This year the central theme of the show, which attracts tens of thousands of attendees and businesses, was companies that are setting trailblazing standards in their sector.
BBVA was recognised in two areas, firstly for the focus it puts on understanding its customers lives, and designing products and services that are intended to meet these and bring the age of opportunity to everyone.
Secondly, it was highlighted as using technology as a tool for giving customers and clients a better banking experience and work harder to engage people during their interactions with the bank.
The BBVA showcase at the annual Salesforce ‘Dreamforce’ event in San Francisco, kicked off with a video featuring BBVA CEO Carlos Torres Vila, BBVA Spain Cristina de Parias, and Global Head of Enterprise Solutions, Mario Pardo.
Explaining the drivers for BBVA’s business, Cristina de Parias, stated how BBVA keeps as its central ethos three core values. Firstly, that every decision the bank makes is focused on the customer, secondly the ambition it has to bring the age of opportunity to everyone, and thirdly, that BBVA colleagues always work as a team.
She said: “We think big and we put the customer at the centre of all we do so we can improve their lives.”
BBVA CEO Carlos Torres Vila said that while technology as a whole within the business is undergoing a massive change – replacing the technology stack and moving processes to the cloud – so too was the world in which the bank operates and BBVA’s technological transformation is designed to not just keep pace, but lead it.
Commenting on the power of software tools to understand customer needs, he added that they can help: “To drive actionable insights that enable our customers to make better decisions for their life, for their business, without needing to come to a branch.”
“We enable customers to reach their life goals and live the life they want to live.”
Meanwhile live at the event itself, in front of an audience of around 6,000, BBVA’s Group Head of Client Solutions Derek White took to the stage to discuss the current state of the financial services sector, and the drivers for growth and the future that BBVA is seeing.
He was first asked about the digital transformation approach BBVA had undertaken, and how important data was to the business.
White said it started with the push by Chairman Francisco González more than a decade ago to transform the bank into a digital business. This included everything from untangling the digital spaghetti through to bringing in senior management like the Group Head of Data David Puente last year.
He added that while internal changes were critical, so too was the changing external environment, including regulatory impact like the introduction of PSD2– which free data movement – and the move from closed systems to open – which enables new players to access data. A great example of this, he explained, was the data-powered BBVA Valora app, which lets customers better understand a house they are thinking of buying before they agree contracts.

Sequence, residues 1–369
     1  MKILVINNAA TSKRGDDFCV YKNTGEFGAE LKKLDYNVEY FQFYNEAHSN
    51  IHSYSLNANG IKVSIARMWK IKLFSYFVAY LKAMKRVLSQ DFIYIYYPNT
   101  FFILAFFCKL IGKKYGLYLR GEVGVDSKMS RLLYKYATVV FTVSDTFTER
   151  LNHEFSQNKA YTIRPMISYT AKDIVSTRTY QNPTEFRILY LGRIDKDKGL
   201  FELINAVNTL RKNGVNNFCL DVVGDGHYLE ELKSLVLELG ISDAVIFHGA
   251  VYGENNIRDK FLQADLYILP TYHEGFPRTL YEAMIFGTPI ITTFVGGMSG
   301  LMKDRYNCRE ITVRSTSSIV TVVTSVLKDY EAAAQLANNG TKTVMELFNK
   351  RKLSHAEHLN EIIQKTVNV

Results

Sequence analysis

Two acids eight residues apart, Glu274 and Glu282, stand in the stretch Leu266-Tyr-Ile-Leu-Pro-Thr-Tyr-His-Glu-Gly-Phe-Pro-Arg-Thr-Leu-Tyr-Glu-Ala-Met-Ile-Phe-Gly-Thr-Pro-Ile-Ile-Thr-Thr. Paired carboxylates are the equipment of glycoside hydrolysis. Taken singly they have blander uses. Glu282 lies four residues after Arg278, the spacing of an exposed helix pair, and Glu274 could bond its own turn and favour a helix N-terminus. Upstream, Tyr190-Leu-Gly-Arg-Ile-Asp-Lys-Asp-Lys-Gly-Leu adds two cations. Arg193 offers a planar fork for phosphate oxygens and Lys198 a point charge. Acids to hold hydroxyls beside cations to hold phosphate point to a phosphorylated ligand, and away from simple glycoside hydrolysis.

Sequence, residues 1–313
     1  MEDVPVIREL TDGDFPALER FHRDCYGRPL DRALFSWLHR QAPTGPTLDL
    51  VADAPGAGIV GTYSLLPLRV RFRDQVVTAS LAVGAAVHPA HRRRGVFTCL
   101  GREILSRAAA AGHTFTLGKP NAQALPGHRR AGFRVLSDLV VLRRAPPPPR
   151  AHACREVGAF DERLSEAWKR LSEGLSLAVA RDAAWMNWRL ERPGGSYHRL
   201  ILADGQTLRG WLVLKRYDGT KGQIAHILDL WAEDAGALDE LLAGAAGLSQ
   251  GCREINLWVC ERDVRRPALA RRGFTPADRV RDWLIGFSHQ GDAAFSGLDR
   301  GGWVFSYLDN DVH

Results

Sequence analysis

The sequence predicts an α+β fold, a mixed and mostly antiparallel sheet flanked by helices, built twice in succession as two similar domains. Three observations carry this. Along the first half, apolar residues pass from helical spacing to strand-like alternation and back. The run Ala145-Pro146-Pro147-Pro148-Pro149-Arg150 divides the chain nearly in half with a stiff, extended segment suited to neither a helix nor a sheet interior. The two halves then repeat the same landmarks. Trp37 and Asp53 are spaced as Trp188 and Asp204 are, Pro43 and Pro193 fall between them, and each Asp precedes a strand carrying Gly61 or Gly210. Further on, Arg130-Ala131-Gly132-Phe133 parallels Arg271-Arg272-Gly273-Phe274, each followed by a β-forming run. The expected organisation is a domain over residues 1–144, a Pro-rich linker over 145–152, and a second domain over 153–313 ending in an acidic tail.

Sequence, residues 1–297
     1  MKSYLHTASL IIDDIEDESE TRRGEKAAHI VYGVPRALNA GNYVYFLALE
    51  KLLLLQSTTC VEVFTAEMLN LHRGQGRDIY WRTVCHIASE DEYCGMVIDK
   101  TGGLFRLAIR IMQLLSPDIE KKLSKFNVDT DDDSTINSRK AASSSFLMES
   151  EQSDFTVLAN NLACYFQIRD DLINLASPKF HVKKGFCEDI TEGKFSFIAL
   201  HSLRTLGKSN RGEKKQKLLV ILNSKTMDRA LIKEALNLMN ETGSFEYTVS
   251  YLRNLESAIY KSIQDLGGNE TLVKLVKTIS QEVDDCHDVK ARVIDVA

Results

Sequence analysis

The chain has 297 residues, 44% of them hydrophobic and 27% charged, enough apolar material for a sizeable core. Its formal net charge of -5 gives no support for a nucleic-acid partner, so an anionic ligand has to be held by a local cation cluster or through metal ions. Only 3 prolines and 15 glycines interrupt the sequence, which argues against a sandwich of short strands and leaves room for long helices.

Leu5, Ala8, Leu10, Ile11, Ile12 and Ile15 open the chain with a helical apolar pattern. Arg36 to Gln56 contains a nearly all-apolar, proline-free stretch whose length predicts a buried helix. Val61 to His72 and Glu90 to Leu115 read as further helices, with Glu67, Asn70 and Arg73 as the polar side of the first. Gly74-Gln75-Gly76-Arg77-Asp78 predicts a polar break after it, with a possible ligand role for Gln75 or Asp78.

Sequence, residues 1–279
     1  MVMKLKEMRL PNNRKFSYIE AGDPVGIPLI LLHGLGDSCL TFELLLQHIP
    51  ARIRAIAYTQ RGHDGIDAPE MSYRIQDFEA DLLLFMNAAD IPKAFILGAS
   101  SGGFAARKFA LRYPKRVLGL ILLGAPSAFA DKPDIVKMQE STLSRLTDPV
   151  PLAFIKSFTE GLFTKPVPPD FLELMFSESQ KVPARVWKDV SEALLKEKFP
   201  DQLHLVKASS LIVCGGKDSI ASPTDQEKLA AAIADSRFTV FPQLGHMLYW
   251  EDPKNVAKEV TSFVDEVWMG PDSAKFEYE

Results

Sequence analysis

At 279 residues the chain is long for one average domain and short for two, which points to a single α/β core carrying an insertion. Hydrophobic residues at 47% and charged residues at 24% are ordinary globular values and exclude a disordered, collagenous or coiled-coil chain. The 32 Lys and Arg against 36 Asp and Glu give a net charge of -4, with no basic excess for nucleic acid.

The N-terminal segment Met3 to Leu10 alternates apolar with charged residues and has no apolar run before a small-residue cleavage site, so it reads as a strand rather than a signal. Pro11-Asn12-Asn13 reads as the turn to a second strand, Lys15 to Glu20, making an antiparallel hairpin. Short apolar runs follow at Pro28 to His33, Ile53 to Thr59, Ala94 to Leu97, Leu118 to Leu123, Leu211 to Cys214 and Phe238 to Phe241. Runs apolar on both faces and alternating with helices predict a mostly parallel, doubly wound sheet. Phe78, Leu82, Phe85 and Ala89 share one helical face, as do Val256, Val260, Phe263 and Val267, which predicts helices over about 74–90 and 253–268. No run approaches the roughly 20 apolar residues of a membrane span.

As well as giving them insight into what a good offer would look like, it can also tell people about the local neighborhood, the likely cost to renovate, what fair insurance costs would look like and even how much it is like to sell for in the future.
This, he added, was partly down to the design, technology and global approach to building apps BBVA is now taking, but also largely to do with this move from closed to open, where third party data can be intertwined with in-house services, to give customers more insight so they can make more informed decisions. This, he added, was an area where BBVA is making great progress and expects to see more in the future.
He was then then asked him how BBVA’s customers are engaging with the bank in new ways, and what does the bank’s customers expect from their banking experience today?
White said that firstly, they expect to bank when, where and how they want – and for this do-it-yourself services and platform availability – making sure all your products and services are available on all devices – are absolutely key.
But, he said that wasn’t enough because: “Secondly, they rightly expect a stellar experience – as they get from non banks. And that experience should be ubiquitous and homogenous. Amazon and Facebook look the same wherever you are.”
He added: “Thirdly, they expect personalization – insights, advice and offers that are relevant to them and their situation and needs. This is why for us the future is about building smart interactions. And they also expect security and for their data and assets to be protected. This is about building, and maintaining trust.”
However for White it was the last element that was so critical: evolution.
He explained how now and in the near future, banks must compete with non-banks for customers time – and to help them reduce the stress money decisions can bring by giving people real insight and value from their data sets.
He said: “The digital brands that survive now, that thrive now, and that will do in the future are those that constantly evolve, pivot, stay relevant, and really understand their customers.”
That, he ended, was the core focus of BBVA – to be a better partner for their customers, to be more involved in their lives, and ultimately to serve them in ways banks have never done before.
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